On Monday, Australia’s Treasurer Josh Frydenberg disclosed, Canberra will force online giants including Alphabet Inc’s Google and Facebook Inc to share advertising revenue with local media firms.
Australia is set to become one of the firts countries to require digital platforms to pay for content that they use.
The development comes in the wake of failed talks with Facebook and Alphabet which did not yield a voluntary code to address complaints by domestic media players that the tech giants have too tight a grip on advertising – their main source of revenue.
“We understand the challenge that we face, this is a big mountain to climb,” said Frydenberg to reporters in Canberra. “These are big companies that we are dealing with but there is also so much at stake, so we’re prepared for this fight.”
The Australian government has asked the country’s competition watchdog, the Australian Competition and Consumer Commission (ACCC), to frame a mandatory regulatory code of conduct between media outlets and digital platforms.
The Australian government has scrapped its initial plan on coming up with a voluntary code by November 2020. The Australian government has asked ACCC to submit its draft mandatory code by July 2020, which will be passed into legislation shortly thereafter, said Frydenberg.
The mandatory code will include data sharing rules, ranking and display of news content, as well as revenue sharing generated from such content. The new rules will also establish penalty and binding dispute resolution mechanisms.
Australia’s online advertising market is worth around $5.72 billion (A$9 billion) a year and has grown more than eight-fold since 2005.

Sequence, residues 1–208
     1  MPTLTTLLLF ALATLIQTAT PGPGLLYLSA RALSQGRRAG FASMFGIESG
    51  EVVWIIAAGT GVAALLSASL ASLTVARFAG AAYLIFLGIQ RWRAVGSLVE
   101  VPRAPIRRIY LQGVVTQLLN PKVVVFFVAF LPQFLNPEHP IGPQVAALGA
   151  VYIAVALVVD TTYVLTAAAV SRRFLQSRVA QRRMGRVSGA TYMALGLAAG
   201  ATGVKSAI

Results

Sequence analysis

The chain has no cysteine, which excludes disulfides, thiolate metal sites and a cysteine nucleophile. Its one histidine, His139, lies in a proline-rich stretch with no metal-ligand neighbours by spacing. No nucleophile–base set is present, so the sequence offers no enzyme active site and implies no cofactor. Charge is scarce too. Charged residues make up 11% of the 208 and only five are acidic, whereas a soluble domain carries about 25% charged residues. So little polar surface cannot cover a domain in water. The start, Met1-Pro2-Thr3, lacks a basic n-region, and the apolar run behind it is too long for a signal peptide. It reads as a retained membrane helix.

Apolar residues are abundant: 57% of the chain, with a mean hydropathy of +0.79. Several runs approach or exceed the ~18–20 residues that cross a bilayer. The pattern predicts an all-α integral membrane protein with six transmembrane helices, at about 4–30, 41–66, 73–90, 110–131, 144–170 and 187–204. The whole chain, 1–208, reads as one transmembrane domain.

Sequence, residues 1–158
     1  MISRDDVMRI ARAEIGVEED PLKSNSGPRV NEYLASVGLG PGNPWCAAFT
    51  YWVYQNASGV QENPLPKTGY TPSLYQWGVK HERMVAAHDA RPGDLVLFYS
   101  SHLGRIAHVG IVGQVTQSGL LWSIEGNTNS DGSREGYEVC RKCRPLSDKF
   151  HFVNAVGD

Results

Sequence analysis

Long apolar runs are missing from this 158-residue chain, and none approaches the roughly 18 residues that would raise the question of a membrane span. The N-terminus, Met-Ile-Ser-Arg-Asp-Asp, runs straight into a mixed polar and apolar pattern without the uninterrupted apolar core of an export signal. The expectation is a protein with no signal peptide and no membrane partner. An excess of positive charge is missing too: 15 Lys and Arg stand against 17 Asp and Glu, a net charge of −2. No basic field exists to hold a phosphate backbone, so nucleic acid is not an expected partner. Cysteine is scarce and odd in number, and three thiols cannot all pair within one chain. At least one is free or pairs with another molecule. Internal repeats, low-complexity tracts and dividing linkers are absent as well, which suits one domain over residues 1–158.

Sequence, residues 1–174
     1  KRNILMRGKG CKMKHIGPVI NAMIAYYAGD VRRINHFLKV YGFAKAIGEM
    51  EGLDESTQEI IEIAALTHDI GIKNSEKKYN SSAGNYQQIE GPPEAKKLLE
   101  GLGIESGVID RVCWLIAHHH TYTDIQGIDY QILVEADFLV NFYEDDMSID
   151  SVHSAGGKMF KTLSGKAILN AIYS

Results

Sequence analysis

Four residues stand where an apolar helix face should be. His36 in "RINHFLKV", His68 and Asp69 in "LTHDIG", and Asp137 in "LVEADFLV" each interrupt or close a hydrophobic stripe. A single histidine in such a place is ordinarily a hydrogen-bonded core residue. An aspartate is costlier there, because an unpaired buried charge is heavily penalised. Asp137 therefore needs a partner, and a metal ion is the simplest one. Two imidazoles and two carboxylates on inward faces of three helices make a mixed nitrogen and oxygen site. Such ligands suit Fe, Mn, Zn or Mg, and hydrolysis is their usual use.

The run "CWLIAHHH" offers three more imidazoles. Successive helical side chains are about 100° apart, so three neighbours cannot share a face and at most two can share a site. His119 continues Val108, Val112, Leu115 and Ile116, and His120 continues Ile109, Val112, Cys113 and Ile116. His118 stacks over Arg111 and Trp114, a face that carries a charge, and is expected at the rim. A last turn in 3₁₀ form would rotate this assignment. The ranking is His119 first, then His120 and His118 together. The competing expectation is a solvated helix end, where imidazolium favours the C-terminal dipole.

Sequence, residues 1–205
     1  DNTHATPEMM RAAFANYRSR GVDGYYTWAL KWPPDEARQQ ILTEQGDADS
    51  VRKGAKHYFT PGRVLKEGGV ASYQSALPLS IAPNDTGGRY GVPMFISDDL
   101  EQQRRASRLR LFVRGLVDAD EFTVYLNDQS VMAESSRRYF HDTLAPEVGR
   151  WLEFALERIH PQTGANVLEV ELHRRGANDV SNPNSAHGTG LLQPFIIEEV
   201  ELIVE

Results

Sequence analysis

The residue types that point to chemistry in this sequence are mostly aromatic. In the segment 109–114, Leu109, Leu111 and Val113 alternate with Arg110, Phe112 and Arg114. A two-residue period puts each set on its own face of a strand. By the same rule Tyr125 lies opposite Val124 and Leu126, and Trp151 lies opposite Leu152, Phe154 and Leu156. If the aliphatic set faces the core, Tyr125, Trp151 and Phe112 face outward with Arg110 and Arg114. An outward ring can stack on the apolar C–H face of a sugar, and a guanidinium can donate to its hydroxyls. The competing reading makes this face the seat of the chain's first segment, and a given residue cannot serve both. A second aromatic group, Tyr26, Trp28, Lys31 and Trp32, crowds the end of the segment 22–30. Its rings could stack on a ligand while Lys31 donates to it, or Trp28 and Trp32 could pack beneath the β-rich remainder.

According to an ACCC report on digital platforms published in June 2019, for every A$100 spent on online advertising in Australia, excluding classifieds, nearly a third goes to Google and Facebook.
In December 2019, Australia had said Google and Facebook will have agree to new rules to ensure that they do not abuse their market power and damage competition, failing which the government would impose new controls.
“We’re disappointed by the government’s announcement, especially as we’ve worked hard to meet their agreed deadline,” said Facebook.
“We’ve invested millions of dollars locally to support Australian publishers through content arrangements, partnerships and training for the industry,” said Facebook Australia and New Zealand Managing Director Will Easton in a statement.
Google said it would continue to cooperate with plans for the media code of conduct.
“We have sought to work constructively with industry, the ACCC and government to develop a code of conduct, and we will continue to do so in the revised process set out by the Government today,” said Google’s spokesperson.